How Soon After Paying Off Debt Do I Have To Wait For My Credit Score To Change?
If you are in debt, you should understand the situation is temporary. Do not lose hope. Pay down your debt in due time and your credit score will gradually increase. The length of time you have to wait to see this increase depends on your unique financial situation. Everything from your debt load to the length of time your line(s) of credit have been open, account charge-offs and the length of time that has passed since your last payment influence your credit score.
Play the Waiting Game
There is no way to determine exactly when your credit score will increase after paying off debt. In general, it takes several months for credit scores to significantly increase after debt is paid. Your credit score should rise at least 50 to 100 points in the months after you pay your debt. The wait is due to the fact that it takes some time for businesses to transmit credit report updates.
The best possible scenario is a credit score increase in the days after the debt payment. However, most people have to wait a minimum of several weeks if not several months for their credit score to increase. It is even possible for your credit score to decrease if you pay off the entirety of your debt. The unfortunate truth is carrying some debt is good for your credit score. Furthermore, if you do not use a line of credit for six months or longer, the lender might decide to close your account as you are not a profitable customer.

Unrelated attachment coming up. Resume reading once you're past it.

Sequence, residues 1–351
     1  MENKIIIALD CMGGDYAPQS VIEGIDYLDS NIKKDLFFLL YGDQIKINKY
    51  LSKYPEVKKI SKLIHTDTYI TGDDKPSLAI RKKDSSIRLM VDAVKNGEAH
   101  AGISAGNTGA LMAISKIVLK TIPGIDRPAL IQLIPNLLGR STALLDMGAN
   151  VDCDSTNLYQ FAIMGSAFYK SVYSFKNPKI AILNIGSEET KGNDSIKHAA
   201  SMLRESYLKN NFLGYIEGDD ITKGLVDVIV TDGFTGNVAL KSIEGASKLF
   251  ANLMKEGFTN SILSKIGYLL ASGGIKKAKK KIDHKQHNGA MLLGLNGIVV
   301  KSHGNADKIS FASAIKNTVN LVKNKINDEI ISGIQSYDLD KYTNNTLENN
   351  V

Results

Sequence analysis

The Factors That Influence Credit Score Updates
Credit scores are calculated with data from credit reports. If your credit report is not updated in a reasonable amount of time, it will take quite a while for your credit score to increase. It will be difficult to qualify for a new line of credit in the days, weeks and possibly even months after paying off debt. The period of lag noted above will likely disqualify you from obtaining a large loan for a major purchase such as a home or a new automobile. Be patient and your credit score will gradually increase in the months ahead as your credit report is updated.
Wait a Month Before Taking Action
It is a mistake to complain to the credit bureaus and lending institutions about an unchanged credit score until at least a full month has passed. As detailed above, it might take several months for your credit score to increase after paying down debt. Though it would be nice if paying off debt immediately improved your credit score, it will likely take 30 days for a noticeable increase to be processed.
Refrain from complaining about your stagnant credit score unless several months have passed. Give the system 90 days to process your payments, bump up your credit score and ultimately set the stage for a mortgage approval, car loan or another line of credit.